‘Everyone is an economist’
With global and national economies coinciding in their historic downturn, it is open season for all kinds of theorisers in English and Urdu to offer doomsday diagnoses of the “I-told-you-so” variety. Pakistan is condemned by some such analysts for having become “a slave of capitalism” in general and a tame camp-follower of the United States and its handmaiden institutions, the World Bank and the IMF, in particular, always looking for crumbs when it could presumably have an economic system all of its own. Armchair economists stare direly at you from the TV frame to warn you of what lies ahead unless Pakistan says goodbye to the global coalition against terror led by America.
Fortunately, Dr Akbar Zaidi, an eminent Pakistani economist, some of whose books are prescribed texts at school and college levels, has published a timely article in a paper which describes the free-for-all, one-sided debate going on in the media which tells us how hopelessly Pakistan and the world are mired in crises that no one can resolve. The government in power is hauled over the coals by these media pundits for “doing nothing” and each lobby is putting forward its own recommendations, unmindful of the fact that they are actually contradictory.
Here is Dr Zaidi’s description of the scene: “The huge media explosion, particularly in the electronic media but also in the English newspapers, has revealed how bare Pakistan’s scholarly cupboard is, and how charlatans have been crowned kings…Today, the electronic media has made bankers, businessmen, stockbrokers and journalists experts on the intricacies of economic and financial issues of which most know very little. Personal anecdotes, and not even informed opinion, replace any sound academic or general discussion about Pakistan’s economy or about the international financial crisis…Barring very few exceptions, most supposedly informed guests on these channels cannot distinguish between the capital market, capital investment or the capital account, yet speak with an authority which only reveals their complete ignorance”.
The plaint is justified if you take a cursory view of a day’s media mediations on the national economy. There is the politician in power who has to bear the brunt of the uninformed public that is burning tyres on the road; and there is his opponent who is actually secretly overjoyed that the crisis has come in handy to discredit the incumbent government and bring it down. The incumbent politician has his pet line serving as a diagnosis of what is happening to the economy. He points behind his back and says the crisis is inherited by him from the illegitimate past government of General Pervez Musharraf and that his government is now manfully engaged in the sanitary function of clearing up the rubbish (gandh) left behind by it.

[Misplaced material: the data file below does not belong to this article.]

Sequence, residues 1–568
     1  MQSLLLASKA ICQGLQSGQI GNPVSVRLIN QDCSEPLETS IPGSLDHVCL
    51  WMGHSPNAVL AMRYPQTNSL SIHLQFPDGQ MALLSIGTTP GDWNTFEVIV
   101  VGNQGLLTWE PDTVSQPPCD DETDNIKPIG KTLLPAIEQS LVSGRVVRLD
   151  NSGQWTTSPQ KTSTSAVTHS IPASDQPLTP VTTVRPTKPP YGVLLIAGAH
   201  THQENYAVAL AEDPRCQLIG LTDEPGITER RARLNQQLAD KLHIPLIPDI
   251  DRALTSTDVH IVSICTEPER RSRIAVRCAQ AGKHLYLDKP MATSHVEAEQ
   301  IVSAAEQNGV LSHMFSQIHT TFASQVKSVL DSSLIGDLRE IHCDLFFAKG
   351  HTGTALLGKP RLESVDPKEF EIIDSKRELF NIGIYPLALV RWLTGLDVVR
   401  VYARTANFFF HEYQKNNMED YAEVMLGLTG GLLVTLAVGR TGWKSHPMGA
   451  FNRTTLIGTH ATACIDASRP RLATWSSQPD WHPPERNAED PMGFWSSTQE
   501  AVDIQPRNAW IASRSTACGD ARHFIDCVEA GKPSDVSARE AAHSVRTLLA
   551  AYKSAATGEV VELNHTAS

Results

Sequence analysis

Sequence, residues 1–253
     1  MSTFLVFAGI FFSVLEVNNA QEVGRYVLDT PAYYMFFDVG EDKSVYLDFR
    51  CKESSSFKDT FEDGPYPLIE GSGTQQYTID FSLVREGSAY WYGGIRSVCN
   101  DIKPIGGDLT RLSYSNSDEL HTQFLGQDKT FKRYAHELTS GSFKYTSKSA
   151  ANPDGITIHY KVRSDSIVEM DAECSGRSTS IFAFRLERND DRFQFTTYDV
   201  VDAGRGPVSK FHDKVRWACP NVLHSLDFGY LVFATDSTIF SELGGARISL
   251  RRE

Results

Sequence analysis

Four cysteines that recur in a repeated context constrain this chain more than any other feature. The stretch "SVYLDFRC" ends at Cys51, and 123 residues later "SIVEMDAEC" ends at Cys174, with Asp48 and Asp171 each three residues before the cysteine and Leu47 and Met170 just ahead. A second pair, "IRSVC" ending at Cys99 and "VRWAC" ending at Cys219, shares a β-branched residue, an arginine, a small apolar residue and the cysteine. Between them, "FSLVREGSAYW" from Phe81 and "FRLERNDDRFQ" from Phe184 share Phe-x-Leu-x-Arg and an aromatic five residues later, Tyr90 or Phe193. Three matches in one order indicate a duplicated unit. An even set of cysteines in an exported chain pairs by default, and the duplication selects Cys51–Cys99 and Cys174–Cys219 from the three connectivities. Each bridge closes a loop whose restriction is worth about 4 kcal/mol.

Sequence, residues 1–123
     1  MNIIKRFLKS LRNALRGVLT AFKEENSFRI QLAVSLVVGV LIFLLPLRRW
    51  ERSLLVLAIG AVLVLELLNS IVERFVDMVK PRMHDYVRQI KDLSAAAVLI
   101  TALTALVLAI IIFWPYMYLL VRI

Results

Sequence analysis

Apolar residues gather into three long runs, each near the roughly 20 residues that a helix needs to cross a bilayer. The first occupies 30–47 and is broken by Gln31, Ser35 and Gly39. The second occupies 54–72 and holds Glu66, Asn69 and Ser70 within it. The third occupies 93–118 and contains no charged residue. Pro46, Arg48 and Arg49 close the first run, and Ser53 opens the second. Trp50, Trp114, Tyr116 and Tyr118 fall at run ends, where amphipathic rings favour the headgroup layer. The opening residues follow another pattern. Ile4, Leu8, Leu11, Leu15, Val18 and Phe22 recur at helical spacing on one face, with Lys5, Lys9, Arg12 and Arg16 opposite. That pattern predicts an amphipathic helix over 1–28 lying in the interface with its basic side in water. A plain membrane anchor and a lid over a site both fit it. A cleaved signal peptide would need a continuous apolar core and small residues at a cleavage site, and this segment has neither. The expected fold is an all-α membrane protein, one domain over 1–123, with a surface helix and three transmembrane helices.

The opposed politician, equally at sea about the economy, holds forth on the total lack of preparation of the government for handling the crisis which would have been tackled quickly and successfully if his party had been in power. Despite facts to the contrary, he accuses the government of not referring the crisis to the experts and of not having an actual plan on how to confront the meltdown. If monetary tightening is taken in hand to break the rupee’s headlong fall, he sides with the industrialist asking for low interest rates; if prices soar because of the “passing on of the real cost” on to the consumer, he stands on the road calling the government inhumane and insensitive to the plight of the common man.
Surprisingly, there is a third category of the politician too. He is the one who is supposed to have left behind the gandh. His job is the most convenient. He trundles out the good figures when the economy was supposed to be growing at the rate of 8 percent of the GDP and compares them to the deterioration that has taken place since the new government took over after the 2008 elections. In the final analysis, apparently, no one is to blame and the economy is hurtling down without a cause, if you listen to these gentlemen.
With due apologies to Dr Zaidi, one would like to add a fourth category of ‘expert’ who castigates the other three and, believe it or not, helps boost the ratings of his TV channel too [i.e. Javed Chaudhry, the notorious Taliban lover journalist]. He is best represented by the media’s top sound-bite expert whose favourite epithet for the politicians and rulers of Pakistan is haramkhor. He gives the audience a potted history of capitalism in which Jews figure as the first conspirators who thought up riba as the curse that will doom humanity and allow the Zionists to control the world. As long as Pakistan’s economy is under the dreaded regime of riba it doesn’t have a chance of a snowball in hell to survive, according to this view.
When will we get a break from such people? (Daily Times)